• Activates your passive students. Instead of half-listening to you talk through bullets, this interactive quiz format invites students to actively test their knowledge of a subject. Game mechanics like points, a leaderboard, and a timer all help students focus their attention on the material you’re presenting by asking them to do more work than a typical lecture, not less. 

  • Students teach each other. Because you’re asking students to explain to one another why an answer is correct, they’ll do the majority of talking and be able to speak in a way that is more engaging to other students. 

  • Wrong answers inspire learning. Students, like all of us, learn more from mistakes than successes, so inviting them to take their best guess at answering a question before you’ve given them the definite answer creates an opportunity for them to learn either way:
    • If they get the question right, they’ll confirm some information they already knew.
    • If they get the question wrong, they’ll be primed and ready to learn the correct answer.

  • Discover what your students already know / what they need help with. These quizzes are, at their core, formative assessment tools. When the majority of your class gets a question correct, that means they know that concept well and you can devote more time to covering concepts your students don’t know well (i.e. more of their answers were incorrect).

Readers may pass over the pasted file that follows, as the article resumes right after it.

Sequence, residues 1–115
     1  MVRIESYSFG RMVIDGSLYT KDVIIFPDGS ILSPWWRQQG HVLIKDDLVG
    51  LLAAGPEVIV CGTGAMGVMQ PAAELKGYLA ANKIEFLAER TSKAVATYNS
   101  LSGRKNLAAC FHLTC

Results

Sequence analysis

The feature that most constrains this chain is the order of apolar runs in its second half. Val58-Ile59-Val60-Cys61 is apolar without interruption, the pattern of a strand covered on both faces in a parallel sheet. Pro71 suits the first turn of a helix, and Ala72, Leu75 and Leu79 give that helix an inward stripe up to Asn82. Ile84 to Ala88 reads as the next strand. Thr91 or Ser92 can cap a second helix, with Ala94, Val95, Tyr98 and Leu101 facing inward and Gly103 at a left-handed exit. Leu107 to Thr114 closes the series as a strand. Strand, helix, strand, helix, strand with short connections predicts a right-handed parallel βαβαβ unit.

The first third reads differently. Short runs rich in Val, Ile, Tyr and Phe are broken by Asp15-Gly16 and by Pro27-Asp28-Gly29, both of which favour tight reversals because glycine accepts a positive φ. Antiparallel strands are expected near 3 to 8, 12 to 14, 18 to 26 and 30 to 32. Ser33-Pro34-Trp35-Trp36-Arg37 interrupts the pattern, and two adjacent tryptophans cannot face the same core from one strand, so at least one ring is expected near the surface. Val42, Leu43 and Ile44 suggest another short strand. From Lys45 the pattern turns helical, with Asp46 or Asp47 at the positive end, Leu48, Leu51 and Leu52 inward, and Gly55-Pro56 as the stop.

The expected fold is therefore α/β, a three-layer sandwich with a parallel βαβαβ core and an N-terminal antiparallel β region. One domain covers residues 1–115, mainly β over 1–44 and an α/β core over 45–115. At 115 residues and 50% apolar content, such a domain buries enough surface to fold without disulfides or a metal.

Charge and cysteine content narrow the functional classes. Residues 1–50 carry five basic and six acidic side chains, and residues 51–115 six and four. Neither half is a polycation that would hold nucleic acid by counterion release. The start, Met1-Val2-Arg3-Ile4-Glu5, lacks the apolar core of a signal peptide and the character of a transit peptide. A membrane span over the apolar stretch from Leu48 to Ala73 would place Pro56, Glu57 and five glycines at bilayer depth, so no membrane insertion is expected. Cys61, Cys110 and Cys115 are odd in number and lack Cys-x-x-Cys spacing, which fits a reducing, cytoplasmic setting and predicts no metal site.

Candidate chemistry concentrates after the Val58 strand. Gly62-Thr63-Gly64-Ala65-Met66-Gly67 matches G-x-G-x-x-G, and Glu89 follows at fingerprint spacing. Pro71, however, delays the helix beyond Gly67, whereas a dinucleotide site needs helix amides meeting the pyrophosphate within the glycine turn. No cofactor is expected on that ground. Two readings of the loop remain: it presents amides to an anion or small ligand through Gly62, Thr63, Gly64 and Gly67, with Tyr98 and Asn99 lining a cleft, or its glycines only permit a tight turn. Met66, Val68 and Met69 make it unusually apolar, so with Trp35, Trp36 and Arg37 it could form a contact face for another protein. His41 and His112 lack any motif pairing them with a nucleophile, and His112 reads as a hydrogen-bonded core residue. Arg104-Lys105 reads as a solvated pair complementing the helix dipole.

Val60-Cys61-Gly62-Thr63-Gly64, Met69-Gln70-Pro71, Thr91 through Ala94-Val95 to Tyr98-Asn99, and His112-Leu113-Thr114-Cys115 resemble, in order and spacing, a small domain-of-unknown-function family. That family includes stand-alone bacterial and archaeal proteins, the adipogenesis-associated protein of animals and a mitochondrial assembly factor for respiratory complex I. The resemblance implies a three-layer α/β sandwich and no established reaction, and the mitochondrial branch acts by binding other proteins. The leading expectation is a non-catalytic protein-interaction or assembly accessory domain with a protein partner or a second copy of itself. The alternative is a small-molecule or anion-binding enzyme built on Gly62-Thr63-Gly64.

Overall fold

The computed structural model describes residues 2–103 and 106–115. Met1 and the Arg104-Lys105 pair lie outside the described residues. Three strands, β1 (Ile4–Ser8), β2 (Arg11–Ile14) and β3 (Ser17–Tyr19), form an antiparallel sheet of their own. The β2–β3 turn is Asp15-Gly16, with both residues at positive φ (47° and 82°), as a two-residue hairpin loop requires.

Tips

  1. Use tools like Slido (our favorite) or Kahoot! (another great option).

  2. Make the questions hard, but not impossible. If the questions are too easy, students will get bored. If they’re impossible, they’ll start randomly guessing. If however, the questions are hard by doable, you’ll take advantage of the fact that students learn more when they get questions wrong, while keeping questions within the zone of proximal development.

  3. Don’t overdo it. This is a great technique, but if you do it every class it’s benefits will wear off. Instead, mix this approach up with a number of experiential exercises (like those in the Experiential Entrepreneurship Curriculum).

How-To Videos

Finally, here are a couple of quick tutorial videos that demonstrate how to use Slido quizzes:

Summary

If your students aren’t as engaged as you think they could be, give this technique a shot. It’s worked wonders for us, and we’d love to hear about your experience in the comments below.

Custom Online & Hybrid Sample Entrepreneurship Syllabus

Custom Online & Hybrid Sample Entrepreneurship Syllabus

Whether or not your Fall starts online, it is almost certain that your Fall will finish online. As more colleges announce shifts online last week, Inside Higher Ed wrote: